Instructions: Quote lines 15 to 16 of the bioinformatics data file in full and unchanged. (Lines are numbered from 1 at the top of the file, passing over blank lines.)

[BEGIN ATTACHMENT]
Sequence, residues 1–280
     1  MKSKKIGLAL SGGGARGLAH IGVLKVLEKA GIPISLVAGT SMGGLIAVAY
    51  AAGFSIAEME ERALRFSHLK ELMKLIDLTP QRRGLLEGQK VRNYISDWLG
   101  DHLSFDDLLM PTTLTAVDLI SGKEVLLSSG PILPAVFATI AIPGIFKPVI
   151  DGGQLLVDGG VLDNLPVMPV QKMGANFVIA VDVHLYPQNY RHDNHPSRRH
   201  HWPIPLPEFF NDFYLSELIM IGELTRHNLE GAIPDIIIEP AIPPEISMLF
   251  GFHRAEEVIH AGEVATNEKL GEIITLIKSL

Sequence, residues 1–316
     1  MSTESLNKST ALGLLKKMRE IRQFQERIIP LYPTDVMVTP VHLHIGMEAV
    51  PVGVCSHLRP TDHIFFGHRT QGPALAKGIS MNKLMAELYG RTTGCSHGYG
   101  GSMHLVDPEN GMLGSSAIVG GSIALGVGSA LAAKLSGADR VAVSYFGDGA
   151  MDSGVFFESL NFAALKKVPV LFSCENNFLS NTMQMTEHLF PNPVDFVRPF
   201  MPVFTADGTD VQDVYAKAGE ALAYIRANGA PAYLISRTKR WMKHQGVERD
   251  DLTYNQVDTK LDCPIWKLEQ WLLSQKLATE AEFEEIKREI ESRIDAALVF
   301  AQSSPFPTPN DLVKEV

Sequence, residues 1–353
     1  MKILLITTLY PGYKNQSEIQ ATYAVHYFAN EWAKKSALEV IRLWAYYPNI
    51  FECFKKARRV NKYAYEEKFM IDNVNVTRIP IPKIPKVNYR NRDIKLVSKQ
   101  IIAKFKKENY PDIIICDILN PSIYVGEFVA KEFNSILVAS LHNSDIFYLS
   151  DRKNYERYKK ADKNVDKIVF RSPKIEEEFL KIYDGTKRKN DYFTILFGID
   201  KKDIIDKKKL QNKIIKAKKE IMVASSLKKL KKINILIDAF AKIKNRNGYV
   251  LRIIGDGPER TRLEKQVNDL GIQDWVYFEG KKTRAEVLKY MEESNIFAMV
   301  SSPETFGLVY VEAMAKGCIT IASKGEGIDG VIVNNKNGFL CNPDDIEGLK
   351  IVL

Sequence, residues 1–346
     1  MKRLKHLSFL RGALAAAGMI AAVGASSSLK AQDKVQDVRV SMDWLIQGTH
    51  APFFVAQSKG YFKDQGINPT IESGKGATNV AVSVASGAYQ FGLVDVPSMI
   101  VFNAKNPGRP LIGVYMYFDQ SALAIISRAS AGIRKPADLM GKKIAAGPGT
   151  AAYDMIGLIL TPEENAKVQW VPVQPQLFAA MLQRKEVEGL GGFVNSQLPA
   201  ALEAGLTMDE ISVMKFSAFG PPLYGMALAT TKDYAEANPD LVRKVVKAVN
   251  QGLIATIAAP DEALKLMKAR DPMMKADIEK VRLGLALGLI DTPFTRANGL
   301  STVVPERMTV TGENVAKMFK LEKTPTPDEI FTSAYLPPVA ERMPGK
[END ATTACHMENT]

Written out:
   301  AQSSPFPTPN DLVKEV

Sequence, residues 1–353